Now, fast forward to today. Look at all the allergens and allergies that plague people today in all their advancement. It is soooo much more a problem than it ever was before. And look at all the push for probiotics, and all the other medicines and so called remedies for intestinal problems. We never used to have these products, nor these problems, because prior to GMO foods WE DIDN’T HAVE THESE PROBLEMS!

    And there you have it, now you know the truth.

    Love, Light and Power,

  • Mariqna Kandova

    I’ve got a question – i have allergies towards cats, dogs etc. and I have the pills I need to take to help my allergies. Can those same pills help with cannabis allergies?

  • Jana Leeney

    We live in Colorado and our son is highly allergic to pot. The smell gives him an instant debilitating migraine. Even when driving by a dispensary with the windows down makes him sick. The smell on people does the same. It’s affecting his job. He loves his job and he’s good at it. He needs it for living and wants to keep it. He’s had allergy shots. takes allergy pills. Puts mint oil under his nose but nothing is helping. I hope we can come up with something.

    • Jana Leeney

      took him to the dr. and yep allergic to the smell. He said it’s like walking by ragweed that does the same thing to him. Yep, we as a family usually have different reactions to allergies.

      • Al

        Wow, that is unfortunate and difficult, I’m sorry about that. If it truly is an allergy, it’s confusing as to why no allergy shots or meds will help. Usually a doctor will need to do a scratch test for specific allergies and then they must concoct a specific cocktail of allergy fluid containing very minuscule amounts of the offending pollen or element. Have you asked the doctor about exactly how he is addressing this specific allergy within the shot? Regardless, it’s especially strange that no allergy medicine will work. Has he tried Flonase? This can be more effective than pill type meds. And lastly, I’d still suggest looking into some form of biofeedback, meditation or other breathing technique that can help minimize both the migraine and the reaction. My brother’s migraines were so dibilitating he would sometimes be in bed for days. It was biofeedback that gave him his life back.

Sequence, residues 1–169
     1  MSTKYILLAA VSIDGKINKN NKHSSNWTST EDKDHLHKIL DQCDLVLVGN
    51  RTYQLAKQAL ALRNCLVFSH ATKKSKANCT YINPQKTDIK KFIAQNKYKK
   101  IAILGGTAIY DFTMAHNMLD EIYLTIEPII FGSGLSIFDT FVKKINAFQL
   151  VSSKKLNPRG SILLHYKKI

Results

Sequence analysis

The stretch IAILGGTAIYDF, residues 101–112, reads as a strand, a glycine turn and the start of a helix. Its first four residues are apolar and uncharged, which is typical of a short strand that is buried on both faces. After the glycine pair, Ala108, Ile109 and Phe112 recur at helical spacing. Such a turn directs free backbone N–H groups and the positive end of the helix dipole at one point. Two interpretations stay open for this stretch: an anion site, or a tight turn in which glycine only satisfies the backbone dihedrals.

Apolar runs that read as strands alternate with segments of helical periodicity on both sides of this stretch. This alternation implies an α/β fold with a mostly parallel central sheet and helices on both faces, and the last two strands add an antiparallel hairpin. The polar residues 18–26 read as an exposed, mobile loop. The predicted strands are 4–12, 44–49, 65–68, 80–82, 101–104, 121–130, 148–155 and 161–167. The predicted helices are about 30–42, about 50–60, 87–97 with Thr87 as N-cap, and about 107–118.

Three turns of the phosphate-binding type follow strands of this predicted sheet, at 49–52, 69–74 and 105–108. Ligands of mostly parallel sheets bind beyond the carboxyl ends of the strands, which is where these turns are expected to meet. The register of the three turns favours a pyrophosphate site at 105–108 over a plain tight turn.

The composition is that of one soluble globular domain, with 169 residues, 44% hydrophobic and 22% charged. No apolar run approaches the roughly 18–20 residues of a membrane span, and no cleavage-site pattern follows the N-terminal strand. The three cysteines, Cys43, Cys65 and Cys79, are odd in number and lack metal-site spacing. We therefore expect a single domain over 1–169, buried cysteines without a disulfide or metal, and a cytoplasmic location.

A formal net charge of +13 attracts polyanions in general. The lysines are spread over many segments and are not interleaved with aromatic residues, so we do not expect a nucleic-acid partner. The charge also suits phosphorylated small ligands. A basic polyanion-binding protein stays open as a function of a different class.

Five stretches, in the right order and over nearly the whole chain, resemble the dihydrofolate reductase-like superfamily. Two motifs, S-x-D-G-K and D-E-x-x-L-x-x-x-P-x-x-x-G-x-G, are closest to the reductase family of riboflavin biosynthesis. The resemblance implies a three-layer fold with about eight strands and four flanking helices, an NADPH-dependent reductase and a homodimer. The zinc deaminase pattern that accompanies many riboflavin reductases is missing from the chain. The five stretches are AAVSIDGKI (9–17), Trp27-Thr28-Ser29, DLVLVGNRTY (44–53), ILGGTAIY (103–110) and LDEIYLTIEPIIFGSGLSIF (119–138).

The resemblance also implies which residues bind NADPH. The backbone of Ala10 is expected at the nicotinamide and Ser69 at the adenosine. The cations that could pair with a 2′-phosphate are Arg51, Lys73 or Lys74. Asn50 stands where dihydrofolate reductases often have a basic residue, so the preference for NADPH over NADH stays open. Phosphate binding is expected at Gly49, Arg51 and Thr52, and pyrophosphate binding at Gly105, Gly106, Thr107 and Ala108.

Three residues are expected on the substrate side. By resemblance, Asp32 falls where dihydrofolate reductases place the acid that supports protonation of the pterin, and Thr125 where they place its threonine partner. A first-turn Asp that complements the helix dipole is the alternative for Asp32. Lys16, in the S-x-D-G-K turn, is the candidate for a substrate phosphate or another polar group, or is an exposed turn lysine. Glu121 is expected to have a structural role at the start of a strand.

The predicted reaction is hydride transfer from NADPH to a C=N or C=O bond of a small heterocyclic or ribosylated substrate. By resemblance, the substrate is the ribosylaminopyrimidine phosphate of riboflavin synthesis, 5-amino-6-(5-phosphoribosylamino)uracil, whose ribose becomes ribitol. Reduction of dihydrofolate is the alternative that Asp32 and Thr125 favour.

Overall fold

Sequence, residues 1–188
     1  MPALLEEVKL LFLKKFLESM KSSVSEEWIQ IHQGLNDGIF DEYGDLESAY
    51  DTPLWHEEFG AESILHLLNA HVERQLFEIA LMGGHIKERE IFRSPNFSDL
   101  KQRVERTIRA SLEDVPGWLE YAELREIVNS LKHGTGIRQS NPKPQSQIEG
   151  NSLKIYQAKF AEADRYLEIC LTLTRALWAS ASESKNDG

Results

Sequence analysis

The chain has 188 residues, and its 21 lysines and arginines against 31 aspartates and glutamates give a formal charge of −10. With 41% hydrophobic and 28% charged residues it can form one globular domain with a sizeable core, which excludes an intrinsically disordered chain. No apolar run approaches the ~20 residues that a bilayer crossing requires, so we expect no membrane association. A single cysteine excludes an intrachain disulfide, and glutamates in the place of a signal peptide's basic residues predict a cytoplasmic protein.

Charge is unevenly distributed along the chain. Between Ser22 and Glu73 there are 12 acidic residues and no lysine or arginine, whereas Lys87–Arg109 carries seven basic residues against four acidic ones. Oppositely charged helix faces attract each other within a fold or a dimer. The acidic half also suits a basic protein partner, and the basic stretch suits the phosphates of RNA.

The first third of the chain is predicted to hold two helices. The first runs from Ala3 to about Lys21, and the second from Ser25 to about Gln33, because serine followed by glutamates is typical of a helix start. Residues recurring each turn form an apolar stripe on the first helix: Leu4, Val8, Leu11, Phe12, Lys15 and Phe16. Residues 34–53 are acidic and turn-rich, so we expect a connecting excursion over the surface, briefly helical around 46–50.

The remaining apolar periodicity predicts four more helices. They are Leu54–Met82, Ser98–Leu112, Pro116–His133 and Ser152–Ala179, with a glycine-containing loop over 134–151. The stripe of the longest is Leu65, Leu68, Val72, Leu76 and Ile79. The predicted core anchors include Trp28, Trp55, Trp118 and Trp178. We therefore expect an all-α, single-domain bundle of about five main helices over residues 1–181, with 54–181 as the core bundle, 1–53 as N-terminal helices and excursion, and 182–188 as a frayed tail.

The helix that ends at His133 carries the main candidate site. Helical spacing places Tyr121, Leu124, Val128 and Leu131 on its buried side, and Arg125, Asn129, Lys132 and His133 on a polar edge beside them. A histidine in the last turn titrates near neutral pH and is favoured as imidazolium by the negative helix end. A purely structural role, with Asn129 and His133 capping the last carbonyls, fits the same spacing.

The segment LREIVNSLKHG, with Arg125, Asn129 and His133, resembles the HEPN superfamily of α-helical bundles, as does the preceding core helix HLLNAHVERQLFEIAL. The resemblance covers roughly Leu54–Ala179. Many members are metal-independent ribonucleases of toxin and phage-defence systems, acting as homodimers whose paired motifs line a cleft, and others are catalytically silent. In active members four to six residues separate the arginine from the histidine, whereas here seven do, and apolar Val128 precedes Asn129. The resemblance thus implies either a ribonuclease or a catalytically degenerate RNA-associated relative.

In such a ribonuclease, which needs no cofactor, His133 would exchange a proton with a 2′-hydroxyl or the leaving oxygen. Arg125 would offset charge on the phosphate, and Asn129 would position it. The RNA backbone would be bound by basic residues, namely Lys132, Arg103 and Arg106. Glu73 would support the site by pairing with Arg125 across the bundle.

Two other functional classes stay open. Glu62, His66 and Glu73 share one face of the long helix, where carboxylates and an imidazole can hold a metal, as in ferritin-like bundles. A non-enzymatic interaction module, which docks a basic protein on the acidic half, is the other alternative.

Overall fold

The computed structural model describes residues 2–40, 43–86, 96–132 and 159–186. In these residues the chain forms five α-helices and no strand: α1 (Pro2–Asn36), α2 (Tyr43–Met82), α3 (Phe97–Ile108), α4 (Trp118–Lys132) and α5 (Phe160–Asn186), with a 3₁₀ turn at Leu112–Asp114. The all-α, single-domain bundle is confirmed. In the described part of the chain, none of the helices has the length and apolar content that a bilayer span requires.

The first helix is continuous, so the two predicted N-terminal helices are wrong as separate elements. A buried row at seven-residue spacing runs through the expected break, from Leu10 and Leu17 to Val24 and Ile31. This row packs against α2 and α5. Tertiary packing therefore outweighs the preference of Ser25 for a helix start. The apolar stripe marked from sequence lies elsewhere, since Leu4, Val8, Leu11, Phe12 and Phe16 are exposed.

I wish him luck, allergies are no fun.

        p.s. – as an extreme-ish measure, if he knows he might come into contact with that smell on a certain day or in a certain scenario, an n95 respirator mask (sold at Home Depot and most hardware stores) will prevent the element from entering his system. It is no fun having to go out with the mask on, although it’s becoming more and more commonplace, but this is what I do when the pollen becomes too unbearable for me here in California.

  • Arletta Sloan

    I’m highly allergic to marijuana, of every sort I have come across – the THC, fresh plant whether pollinating or not, baked, smoked, hemp (yes, even in clothing). As I got extremely ill today, which seems to be related to dill weed, I was looking up foods to avoid if you are allergic to dill, and, that led me to another page of what to avoid regarding another allergy I have. I was really hoping to find such a page related to marijuana, Maybe there is nothing else that is consumed or smoked, commonly, that it is related to?

    If you know of any information related to this subject, I’d be glad to hear it.

    • Janine Rickard

      Hi Arletta, Yes, but it comes from a holistic health perspective, and you may not be interested in that. In short: all allergies are a symptom of lymphatic congestion. The lymph system removes cellular waste, the blood provides the “food” for our cells. In our toxic world, the lymphatic system is over-stressed, from inside the uterus to death. Hence the precipitous rise in all manner of chronic illness, at younger and younger ages, as the genetic lines deteriorate. Your DNA and lifestyle will predispose you to deposit the toxic waste you cannot immediately eliminate (from normal metabolism and from pollution) in different locations according to inherited weaknesses and the kinds of environmental assault you have been exposed to. In conventional medicine these are mysteriously called diseases, and since medical science does not identify the cause of a signal disease, it cannot and does not offer a cure, just symptom “management”.